該当件数 : 25655件
- One individual's personality, character, demeanor, or disposition.
- The subject of one's own experience of phenomena: perception, emotions, thoughts.
- c. 1596-97, William Shakespeare, The Merchant of Venice, Act II scene ix:
- 1913, Mrs. [Marie] Belloc Lowndes, chapter I, in The Lodger, London: Methuen, OCLC 7780546; republished in Novels of Mystery: The Lodger; The Story of Ivy; What Really Happened, New York, N.Y.: Longmans, Green and Co., 55 Fifth Avenue, , OCLC 2666860, page 0056:
- Thanks to that penny he had just spent so recklessly [on a newspaper] he would pass a happy hour, taken, for once, out of his anxious, despondent, miserable self. It irritated him shrewdly to know that these moments of respite from carking care would not be shared with his poor wife, with careworn, troubled Ellen.
- An individual person as the object of his own reflective consciousness (複数形 selves).
- (Can we date this quote?) Sir William Hamilton
- 2013 May-June, Katrina G. Claw, “Rapid Evolution in Eggs and Sperm”, in American Scientist, volume 101, number 3:
- Self-interest or personal advantage.
- Identity or personality.
- (botany) A seedling produced by self-pollination (複数形 selfs).
- (molecular biology, immunology) Any molecule, cell, or tissue of an organism's own (belonging to the self), as opposed to a foreign (nonself) molecule, cell, or tissue (for example, infective, allogenic, または xenogenic).
- 2000, Ristori, G, “Compositional bias and mimicry toward the nonself proteome in immunodominant T cell epitopes of self and nonself antigens”, in FASEB Journal: the official journal of the Federation of American Societies for Experimental Biology, volume 14, number 3, PMID 10698957, pages 431-438:
- Similarity profiles between helper T cell epitopes (of self または microbial antigens かつ allergens) and human or microbial SWISSPROT collections were produced. For each antigen, both collections yielded largely overlapping profiles, demonstrating that self-nonself discrimination does not rely on qualitative features that distinguish human from microbial peptides. However, epitopes whose probability of mimicry with self or nonself prevails are, respectively, tolerated or immunodominant and coexist within the same (auto-)antigen regardless of its self/nonself nature. Epitopes (on self かつ nonself antigens) can cross-stimulate T cells at increasing potency as their similarity with nonself augments.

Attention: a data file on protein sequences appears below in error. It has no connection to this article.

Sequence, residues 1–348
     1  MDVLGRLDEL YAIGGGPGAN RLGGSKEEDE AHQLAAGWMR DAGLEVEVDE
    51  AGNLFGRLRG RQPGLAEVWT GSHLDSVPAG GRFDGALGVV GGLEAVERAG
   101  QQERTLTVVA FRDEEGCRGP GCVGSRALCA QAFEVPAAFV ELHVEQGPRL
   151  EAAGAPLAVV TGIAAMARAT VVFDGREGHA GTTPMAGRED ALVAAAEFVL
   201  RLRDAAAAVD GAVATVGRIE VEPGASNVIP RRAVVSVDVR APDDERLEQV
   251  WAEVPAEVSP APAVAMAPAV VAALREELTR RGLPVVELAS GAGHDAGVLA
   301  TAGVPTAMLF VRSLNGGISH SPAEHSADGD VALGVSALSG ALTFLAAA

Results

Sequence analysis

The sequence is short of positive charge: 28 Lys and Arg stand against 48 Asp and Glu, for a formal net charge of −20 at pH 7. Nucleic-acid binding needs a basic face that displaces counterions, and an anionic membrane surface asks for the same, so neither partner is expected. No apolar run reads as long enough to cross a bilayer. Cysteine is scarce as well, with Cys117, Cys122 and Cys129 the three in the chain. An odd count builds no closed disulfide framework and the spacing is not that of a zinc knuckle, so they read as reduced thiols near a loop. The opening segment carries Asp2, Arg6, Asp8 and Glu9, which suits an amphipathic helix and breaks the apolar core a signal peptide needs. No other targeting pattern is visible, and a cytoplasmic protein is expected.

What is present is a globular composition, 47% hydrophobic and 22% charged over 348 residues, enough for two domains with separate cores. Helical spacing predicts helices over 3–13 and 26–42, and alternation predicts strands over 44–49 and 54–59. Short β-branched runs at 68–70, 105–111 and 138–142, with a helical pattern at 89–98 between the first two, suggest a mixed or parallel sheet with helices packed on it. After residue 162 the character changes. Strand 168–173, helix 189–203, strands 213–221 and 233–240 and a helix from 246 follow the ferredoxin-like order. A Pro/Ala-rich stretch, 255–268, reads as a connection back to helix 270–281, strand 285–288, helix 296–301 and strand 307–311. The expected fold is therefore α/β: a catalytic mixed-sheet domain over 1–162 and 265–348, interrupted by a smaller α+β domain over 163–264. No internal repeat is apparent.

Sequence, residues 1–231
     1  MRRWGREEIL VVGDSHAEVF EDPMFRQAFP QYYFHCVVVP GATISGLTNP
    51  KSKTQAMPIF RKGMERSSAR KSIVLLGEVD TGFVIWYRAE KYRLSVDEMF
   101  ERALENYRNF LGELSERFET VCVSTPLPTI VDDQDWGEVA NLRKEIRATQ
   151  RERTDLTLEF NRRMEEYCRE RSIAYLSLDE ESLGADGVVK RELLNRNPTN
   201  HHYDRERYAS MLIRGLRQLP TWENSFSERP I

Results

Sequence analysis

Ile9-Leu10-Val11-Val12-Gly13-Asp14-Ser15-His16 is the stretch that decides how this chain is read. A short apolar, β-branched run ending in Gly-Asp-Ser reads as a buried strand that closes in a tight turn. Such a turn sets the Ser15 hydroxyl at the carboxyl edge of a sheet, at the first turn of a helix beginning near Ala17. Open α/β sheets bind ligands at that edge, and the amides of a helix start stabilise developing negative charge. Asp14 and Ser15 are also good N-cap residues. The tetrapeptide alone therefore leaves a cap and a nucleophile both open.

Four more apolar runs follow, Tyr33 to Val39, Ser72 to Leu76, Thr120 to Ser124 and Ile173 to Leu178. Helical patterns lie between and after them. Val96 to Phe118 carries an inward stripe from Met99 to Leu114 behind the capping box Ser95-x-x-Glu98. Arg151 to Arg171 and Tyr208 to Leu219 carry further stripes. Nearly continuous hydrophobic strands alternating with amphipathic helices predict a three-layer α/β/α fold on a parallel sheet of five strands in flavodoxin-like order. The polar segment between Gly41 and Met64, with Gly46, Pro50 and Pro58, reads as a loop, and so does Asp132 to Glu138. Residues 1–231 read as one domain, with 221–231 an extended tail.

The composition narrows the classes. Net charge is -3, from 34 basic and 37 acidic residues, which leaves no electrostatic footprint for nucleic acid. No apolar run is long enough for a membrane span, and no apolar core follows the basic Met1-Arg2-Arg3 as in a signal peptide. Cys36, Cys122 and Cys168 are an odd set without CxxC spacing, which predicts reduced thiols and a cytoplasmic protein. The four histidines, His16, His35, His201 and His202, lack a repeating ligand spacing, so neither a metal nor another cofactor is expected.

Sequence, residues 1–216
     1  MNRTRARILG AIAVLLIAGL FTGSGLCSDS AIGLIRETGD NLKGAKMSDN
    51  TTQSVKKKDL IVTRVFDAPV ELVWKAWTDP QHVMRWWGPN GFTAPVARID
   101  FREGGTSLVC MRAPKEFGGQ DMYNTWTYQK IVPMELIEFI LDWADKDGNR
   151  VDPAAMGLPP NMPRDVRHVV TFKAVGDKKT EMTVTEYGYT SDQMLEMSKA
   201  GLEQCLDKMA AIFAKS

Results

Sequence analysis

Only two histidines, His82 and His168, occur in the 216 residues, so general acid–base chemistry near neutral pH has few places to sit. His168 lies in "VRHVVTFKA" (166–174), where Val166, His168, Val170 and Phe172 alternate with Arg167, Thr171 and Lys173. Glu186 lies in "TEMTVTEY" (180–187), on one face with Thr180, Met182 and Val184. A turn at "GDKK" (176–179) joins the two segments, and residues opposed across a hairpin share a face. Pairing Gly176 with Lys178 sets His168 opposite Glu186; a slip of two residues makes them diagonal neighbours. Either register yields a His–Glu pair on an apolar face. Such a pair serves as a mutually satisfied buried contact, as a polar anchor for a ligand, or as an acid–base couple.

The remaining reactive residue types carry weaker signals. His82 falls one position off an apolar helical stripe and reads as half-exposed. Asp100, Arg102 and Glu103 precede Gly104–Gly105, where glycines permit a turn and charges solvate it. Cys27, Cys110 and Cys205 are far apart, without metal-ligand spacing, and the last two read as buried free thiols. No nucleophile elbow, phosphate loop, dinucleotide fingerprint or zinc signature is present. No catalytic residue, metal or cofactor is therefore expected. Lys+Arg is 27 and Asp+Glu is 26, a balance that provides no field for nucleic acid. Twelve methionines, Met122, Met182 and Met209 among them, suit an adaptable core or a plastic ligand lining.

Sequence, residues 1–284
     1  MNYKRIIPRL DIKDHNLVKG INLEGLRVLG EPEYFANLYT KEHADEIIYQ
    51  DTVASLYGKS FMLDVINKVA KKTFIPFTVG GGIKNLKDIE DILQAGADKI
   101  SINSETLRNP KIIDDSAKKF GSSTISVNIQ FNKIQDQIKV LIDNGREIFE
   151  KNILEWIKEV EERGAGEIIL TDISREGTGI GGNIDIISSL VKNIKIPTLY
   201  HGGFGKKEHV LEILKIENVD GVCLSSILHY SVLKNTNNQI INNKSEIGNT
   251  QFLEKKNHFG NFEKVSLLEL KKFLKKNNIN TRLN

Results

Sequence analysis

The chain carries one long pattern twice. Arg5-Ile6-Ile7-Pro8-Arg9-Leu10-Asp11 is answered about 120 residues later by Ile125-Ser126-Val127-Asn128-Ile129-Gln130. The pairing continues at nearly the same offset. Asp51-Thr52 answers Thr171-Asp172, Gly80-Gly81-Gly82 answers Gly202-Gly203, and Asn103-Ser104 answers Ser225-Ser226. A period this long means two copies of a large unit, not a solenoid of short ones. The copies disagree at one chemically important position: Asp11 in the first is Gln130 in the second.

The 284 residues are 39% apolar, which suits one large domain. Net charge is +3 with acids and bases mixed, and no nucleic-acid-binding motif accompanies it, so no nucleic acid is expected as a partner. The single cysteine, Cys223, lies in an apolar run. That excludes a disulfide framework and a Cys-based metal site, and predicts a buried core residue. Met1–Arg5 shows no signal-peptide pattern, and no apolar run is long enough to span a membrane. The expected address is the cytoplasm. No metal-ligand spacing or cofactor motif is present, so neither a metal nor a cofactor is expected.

- Having its own or a single nature or character throughout, as in colour, composition, etc., without addition or change; of the same kind; unmixed.
- (obsolete) Same, identical.
- c. 1596-97, William Shakespeare, The Merchant of Venice, Act I scene i:
- c. 1605, William Shakespeare, King Lear, Act I scene i:
- (Can we date this quote?) Sir Walter Raleigh, The History of the World
- 1700, John Dryden, Palamon and Arcite
- (obsolete) Belonging to oneself; own.
- (molecular biology, immunology) Of or relating to any molecule, cell, or tissue of an organism's own (belonging to the self), as opposed to a foreign (nonself) molecule, cell, or tissue (for example, infective, allogenic, または xenogenic).
From Proto-Germanic *selbaz.
- The plural counterpart is -selves.
- In the third person, -self or -selves is attached to the pronoun's objective form (him, them); in the first person and second person, to its prenominal possessive form (my, your).
- The suffixes -self and -selves may be separated by an intervening word or phrase (especially own) from the rest of the pronoun. When this occurs, self or selves stands alone as its own word, and the pronoun's prenominal possessive form is necessarily used; hence "himself" becomes "his own self", not *"him own self".
- Both "his or herself" (with -self left attached to the latter pronoun) and "his or her self" (with self written as a separate word) are in use, though the former is more common. The abbreviated form "his/herself" exists as well.
- These forms are sometimes used in formal contexts in place of the objective personal pronoun: "the quality of service you have received from ourselves" (us). This usage is often criticized.
From Middle English self-, silf-, seolf-, from 古期英語 self-, sylf-, seolf-, from Proto-Germanic *selba-, from Proto-Germanic *selbaz (“self”). Cognate with Dutch zelf-, German selbst-, Swedish själv-, Icelandic sjálf-. More at self.
- self-drilling screw
- self-fulfilling prophecies
- self-fulfilling prophecy
- self-raising flour
- self-referential meaning
- self-tapping screw
- self-tapping screws
該当件数 : 25655件
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